Estimated reading time: 3 mins
Good leaders know what they value and what their values are, and they recognize the importance of ethical behavior. The great leaders consistently and recognizably exhibit their values and ethics in their leadership style and actions. But what about the values that your organization declares it honors in corporate brochures, office posters and standard desktop screen-savers?
I think every leader would like to say that they are shining examples of these values. In fact every leader has a responsibility to be. Company values go hand in hand with the culture; they are an attempt to steer the culture towards the brand of the organization – both the internal brand (epitomizing the employee proposition) and the external brand (epitomizing the customer proposition.) Why? Because leaders set the tone of the workforce – they set the standard of behavior of all followers.
But how does a leader know if they really are living their company values? Do you?
Good leaders care to find out if their behaviors are aligned to the company values. But great leaders don’t wait to find out until after damage has been done. Barry Clark, a Project Manager for a Canadian law firm, describes how he found out:
I genuinely believed until recently I was a model corporate citizen – I demonstrated integrity, I challenged myself to excel, I treated colleagues with respect and I treated my customers fairly. For three years I went about my business with this sense of assurance – hey I was a role-model. Well so I thought… it was a surprise when reviewing 360-degree feedback to find out I was wrong. What I heard from several colleagues was that I was causing a great deal of confusion amongst my staff, particularly the staff, who I would reprimand them for behaviors they had in fact learned from me! The worst of it: the organizational value I compromised to cause the most excitement was ‘we listen so we can learn.’ I’d been told many times before, apparently, that I was difficult to talk to because I would get defensive and fly off the handle. The effect of this was a growing lack of trust and credibility… I wasn’t even aware of it.
Barry learned the hard way that feedback is an important mechanism for finding out how you live the values. Until then he had trusted his own judgment of his behaviors, and become complacent. Assessing your own integrity to values is flawed if you’re not blessed with an acute awareness of your behavior.
But in one way, Barry is lucky. He is in a position in where he can gather feedback from around his sphere of influence without too much ‘respect’ getting in the way, i.e. the people giving the feedback were comfortable in giving it straight. Barry isn’t in a position of great power and latitude. He can’t fire people if he gets pissed off with them.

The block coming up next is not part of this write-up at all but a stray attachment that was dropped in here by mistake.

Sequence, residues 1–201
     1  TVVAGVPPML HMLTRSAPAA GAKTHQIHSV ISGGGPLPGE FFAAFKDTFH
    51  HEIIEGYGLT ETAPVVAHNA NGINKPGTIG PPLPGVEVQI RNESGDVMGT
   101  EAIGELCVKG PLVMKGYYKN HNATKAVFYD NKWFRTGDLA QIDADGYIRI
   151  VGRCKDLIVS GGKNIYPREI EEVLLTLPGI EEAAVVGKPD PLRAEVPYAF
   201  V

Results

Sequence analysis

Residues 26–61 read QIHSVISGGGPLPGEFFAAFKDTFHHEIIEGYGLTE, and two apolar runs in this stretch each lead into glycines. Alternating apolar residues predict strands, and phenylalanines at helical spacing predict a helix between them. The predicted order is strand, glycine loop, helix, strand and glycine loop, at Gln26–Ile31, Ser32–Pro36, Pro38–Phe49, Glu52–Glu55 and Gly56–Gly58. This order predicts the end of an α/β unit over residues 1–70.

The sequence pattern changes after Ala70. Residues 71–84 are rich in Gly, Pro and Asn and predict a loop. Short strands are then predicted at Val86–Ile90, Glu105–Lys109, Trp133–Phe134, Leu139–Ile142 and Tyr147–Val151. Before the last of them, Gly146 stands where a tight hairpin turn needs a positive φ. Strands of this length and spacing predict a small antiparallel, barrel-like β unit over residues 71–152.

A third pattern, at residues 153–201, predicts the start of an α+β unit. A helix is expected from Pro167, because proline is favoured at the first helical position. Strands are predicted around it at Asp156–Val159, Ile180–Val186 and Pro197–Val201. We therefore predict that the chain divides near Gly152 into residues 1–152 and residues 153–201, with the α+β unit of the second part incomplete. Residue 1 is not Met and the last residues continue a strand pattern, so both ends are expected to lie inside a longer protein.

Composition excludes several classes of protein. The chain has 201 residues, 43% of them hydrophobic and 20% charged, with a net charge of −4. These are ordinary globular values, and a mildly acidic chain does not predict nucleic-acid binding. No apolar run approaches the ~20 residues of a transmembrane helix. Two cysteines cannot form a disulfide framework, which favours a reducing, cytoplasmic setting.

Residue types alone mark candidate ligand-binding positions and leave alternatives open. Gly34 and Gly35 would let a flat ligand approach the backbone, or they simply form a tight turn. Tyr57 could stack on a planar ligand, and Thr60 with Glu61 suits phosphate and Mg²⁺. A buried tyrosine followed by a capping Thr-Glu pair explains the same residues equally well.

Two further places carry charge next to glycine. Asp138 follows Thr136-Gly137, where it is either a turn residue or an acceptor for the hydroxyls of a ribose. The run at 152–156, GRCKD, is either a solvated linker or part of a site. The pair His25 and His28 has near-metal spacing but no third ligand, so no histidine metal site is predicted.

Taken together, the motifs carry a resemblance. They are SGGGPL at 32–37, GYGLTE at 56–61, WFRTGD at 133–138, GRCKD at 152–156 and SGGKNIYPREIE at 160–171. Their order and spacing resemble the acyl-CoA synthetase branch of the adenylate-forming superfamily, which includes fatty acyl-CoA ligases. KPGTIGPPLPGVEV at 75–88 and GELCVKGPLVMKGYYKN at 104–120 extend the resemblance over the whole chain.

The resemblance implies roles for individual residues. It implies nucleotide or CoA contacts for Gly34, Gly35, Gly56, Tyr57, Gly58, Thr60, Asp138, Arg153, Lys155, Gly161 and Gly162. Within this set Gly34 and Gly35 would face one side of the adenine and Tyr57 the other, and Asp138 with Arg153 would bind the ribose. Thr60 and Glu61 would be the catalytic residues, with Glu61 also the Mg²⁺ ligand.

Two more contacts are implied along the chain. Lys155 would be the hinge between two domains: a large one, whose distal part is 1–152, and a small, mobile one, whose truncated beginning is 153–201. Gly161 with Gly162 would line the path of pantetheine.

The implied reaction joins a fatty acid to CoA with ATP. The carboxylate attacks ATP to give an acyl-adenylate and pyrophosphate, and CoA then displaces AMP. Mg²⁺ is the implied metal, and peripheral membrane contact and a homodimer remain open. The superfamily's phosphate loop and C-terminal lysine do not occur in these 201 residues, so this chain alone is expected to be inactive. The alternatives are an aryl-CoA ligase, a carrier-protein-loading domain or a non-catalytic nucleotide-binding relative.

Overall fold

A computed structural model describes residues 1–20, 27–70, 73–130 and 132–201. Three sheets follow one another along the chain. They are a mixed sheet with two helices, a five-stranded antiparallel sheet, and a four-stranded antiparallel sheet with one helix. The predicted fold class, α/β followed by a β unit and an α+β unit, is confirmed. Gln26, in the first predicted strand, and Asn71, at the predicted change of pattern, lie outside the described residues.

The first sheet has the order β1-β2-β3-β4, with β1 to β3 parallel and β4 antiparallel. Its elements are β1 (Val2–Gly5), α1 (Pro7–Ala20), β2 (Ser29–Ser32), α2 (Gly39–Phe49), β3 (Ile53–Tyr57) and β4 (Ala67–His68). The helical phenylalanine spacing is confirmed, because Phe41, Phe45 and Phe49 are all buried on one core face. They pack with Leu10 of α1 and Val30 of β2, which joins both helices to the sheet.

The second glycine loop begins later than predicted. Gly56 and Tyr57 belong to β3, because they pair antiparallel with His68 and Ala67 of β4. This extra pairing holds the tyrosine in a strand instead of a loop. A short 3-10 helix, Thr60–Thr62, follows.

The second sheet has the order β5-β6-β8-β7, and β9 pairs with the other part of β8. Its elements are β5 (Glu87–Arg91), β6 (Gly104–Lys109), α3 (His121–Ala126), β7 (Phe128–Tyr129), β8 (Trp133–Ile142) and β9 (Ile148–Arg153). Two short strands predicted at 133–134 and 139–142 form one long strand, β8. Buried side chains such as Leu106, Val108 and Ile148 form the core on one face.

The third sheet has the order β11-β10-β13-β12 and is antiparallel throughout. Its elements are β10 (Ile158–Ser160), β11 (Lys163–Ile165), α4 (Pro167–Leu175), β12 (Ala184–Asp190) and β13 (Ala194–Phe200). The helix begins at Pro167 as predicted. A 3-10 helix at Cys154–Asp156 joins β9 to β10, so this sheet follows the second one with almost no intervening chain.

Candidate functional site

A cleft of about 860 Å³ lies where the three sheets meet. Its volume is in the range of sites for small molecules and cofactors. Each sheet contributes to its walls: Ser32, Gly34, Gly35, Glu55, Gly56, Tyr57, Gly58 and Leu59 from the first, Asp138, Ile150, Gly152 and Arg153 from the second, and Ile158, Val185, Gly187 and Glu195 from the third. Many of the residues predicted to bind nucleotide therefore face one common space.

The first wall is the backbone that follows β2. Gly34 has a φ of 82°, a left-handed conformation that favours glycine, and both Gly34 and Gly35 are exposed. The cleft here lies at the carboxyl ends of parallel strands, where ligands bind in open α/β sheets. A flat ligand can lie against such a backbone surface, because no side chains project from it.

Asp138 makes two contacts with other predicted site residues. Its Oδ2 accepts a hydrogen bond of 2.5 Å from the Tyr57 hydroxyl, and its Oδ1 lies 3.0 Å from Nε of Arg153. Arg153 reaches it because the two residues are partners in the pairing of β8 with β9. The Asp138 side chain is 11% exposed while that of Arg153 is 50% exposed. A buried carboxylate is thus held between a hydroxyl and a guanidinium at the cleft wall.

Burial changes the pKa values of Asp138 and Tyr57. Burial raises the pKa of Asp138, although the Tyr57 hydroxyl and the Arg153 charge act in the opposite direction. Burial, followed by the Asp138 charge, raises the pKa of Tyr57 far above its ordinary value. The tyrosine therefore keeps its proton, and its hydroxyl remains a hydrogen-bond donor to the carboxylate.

The unlucky ones are the senior IT leaders who desire feedback. Respect by followers and subordinates often means fear creeps in and feedback is less direct and more dilute. This happens, despite all the claims of having an ‘open-door’ policy… ‘I’m not an ogre, you guys’ . Truth is, the quality and quantity of constructive behavioral feedback given to the higher ranks diminishes the higher you get. The very people who need to demonstrate values the most are the same people who get the least feedback on how they are doing, except when it is too late . Crazy.
Marshall Goldman on his blog (if you can read through the control characters that are on there at the moment) discusses how leaders don’t always exhibit the behaviors espoused by the values, and should above all seek feedback from their employees on their behavior. Marshall says
Rather than wasting time on reinventing words about desired leadership behavior, companies should ensure that leaders get (and act upon) feedback from employees, the people who actually observe this behavior. Rather than wasting time on changing the words on performance appraisal forms, leaders need to learn from employees to ensure that they are providing the right coaching.
I don’t have a solution to this problem, just in case you were expecting one. Well maybe I do; and that is, as a corporate citizen and a leader in a position where company values are to be exhibited and expected, you need to remember that this happens. Your self-awareness (done best through feedback) must grow as you’re promoted, as at each stage you’ll be less informed, by default, about the impact of your behavior in constructive ways.